Paul T. Frankl and Modern American Design
BY Christopher Long
DESIGNED BY Baseman Design Associates
YALE UNIVERSITY PRESS, 240 pp., $50
One of the founding fathers of Modern American design was an Austrian, educated in Vienna and Berlin, who opened a furniture showroom in New York City shortly after World War I. Summering in a small cabin upstate in 1925, Frankl created a space-saving arrangement of stacked bookcases that resembled a skyscraper. Within a year the Skyscraper style had exploded; in 1926 Good Furniture Magazine called it “as American and as New Yorkish as Fifth Avenue itself.” This monograph traces Frankl’s career from Vienna to New York and eventually Los Angeles, where he became interior designer for such Hollywood royalty as Charlie Chaplin, Cary Grant, Katharine Hepburn, and Alfred Hitchcock.
The Suburbanization of New York
EDITED BY Jerilou Hammett and Kingsley Hammett
PHOTOGRAPHS BY Martha Cooper
PRINCETON ARCHITECTURAL PRESS, 192 pp., $25
Is New York City becoming a massive, overpriced suburb—a sanitized urban Disneyland for tourists and the wealthy elite? Short answer: yes. At least that’s the overwhelming impression one gets from the 14 essays collected here. Fortunately, the writers are interested in exploring the historical and political forces behind this transformation and not just complaining about how many Starbucks there are in the East Village (three, if you’re wondering). Still, it’s hard not to feel nostalgic for the gritty 1980s downtown Manhattan that Maggie Wrigley recalls in her introductory essay: “all color and personality, unpredictability and, yes, some peril.” And now? “You cannot legally smoke in a bar.”
James Marston Fitch: Selected Writings on Architecture, Preservation, and the Built Environment
EDITED BY Martica Sawin
FOREWORD BY Jane Jacobs
W. W. NORTON, 312 pp., $28
Remembered as the father of historic preservation, Fitch was also an early proponent of energy conservation and ecological sensitivity in architecture. In a 1984 essay for these pages, he wrote that, while the discussion of skyscrapers had become “a major spectator sport,” few people considered the towers’ effects on the occupants inside or on the street life below—an argument that could be made today with little modification. That essay, one of 24 collected here, is a good example of Fitch’s critical style: attuned to beauty and formal innovation but always pushing for a consideration of a building’s wider context and long-term viability.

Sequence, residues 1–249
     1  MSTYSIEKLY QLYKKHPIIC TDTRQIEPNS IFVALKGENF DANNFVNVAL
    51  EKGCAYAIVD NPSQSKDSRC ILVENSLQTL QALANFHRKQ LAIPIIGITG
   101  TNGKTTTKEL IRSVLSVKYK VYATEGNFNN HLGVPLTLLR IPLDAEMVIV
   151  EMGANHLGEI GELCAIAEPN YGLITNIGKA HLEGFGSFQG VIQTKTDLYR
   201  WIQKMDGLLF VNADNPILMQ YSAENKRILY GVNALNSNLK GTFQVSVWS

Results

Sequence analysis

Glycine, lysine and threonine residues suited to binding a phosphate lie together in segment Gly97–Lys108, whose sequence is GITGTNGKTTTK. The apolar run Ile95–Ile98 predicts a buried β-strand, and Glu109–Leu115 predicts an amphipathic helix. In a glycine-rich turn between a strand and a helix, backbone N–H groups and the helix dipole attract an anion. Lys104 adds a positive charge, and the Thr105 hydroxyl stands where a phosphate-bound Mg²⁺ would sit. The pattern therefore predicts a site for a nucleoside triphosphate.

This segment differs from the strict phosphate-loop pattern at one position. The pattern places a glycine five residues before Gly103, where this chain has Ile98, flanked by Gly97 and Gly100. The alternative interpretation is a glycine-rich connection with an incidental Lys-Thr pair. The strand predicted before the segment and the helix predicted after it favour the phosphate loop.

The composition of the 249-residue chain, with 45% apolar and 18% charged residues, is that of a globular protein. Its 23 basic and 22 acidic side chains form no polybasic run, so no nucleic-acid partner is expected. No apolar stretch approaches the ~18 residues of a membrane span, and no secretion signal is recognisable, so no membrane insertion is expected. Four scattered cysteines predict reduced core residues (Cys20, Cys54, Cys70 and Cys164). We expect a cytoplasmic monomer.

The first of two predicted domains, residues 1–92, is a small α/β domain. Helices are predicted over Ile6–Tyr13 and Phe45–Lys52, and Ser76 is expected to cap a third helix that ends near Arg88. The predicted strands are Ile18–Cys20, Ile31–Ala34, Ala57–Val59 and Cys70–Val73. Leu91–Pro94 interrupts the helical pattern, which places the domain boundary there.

The Function of Ornament
EDITED BY Farshid Moussavi and Michael Kubo
ILLUSTRATED BY J. Seth Hoffman, Joshua Dannenberg,
Raha Talebi, and Fred Holt
DESIGNED BY Manuel Cuyàs
ACTAR, 192 pp., $30
Fluted, aggregated, rusticated, textured, tonal, tartan, or camouflaged—ornament in architecture can take a remarkable array of forms, as this graphic guide from Harvard’s Graduate School of Design makes clear. The book contains 42 ornamental effects—annoyingly called “affects” here—each of which receives four pages of detailed illustrations. The results are informative and addictive: the illustrations are fun to browse but also reward close inspection, and the architecture selections are excellent and wide-ranging, from the “cinematic” glass blocks of Pierre Chareau’s 1932 Maison de Verre to the quilted glass-and-steel cladding of Herzog & de Meuron’s 2003 Prada Aoyama store.
Domesticity at War
BY Beatriz Colomina
DESIGNED BY Reinhard Steger
MIT PRESS, 280 and 400 pp., $50
This tall, narrow hardcover actually conceals two connected books: one with Colomina’s text and, above it, a smaller flip-book of photographs. Looking at just the photos, you might guess that her focus is midcentury Modern design, with liberal doses of Mies and the Eameses. But Colomina, a professor of architecture at Princeton University, has a more provocative project in mind: examining how postwar American architects imported techniques and materials developed for military applications into the domestic sphere. Her argument is compelling and wide-ranging—hampered only slightly by the clumsy juggling act required to negotiate two books at once.
Inside Outside—Petra Blaisse
EDITED BY Kayoko Ota
DESIGNED BY Irma Boom
NAI PUBLISHERS, 504 pp., $60
“Look at what architecture CAN’T do!” reads a caption in this dense and colorful survey of the Dutch interior and landscape designer’s work. The captioned photo shows a yellow silk curtain billowing out of a building in Amsterdam, where Blaisse’s studio, Inside Outside, is based. Indeed, curtains are what Blaisse is best known for, and there are plenty on view here—in tulle, plissé, velvet, and voile; for sun reflection, sound absorption, climate regulation, and, yes, ornamentation. The book is so crowded with images and text that it occasionally loses focus, but when Blaisse and her editor strive for coherence—as in the detailed 26-page chapter on the Seattle Central Library’s interiors and gardens—it’s all the more refreshing.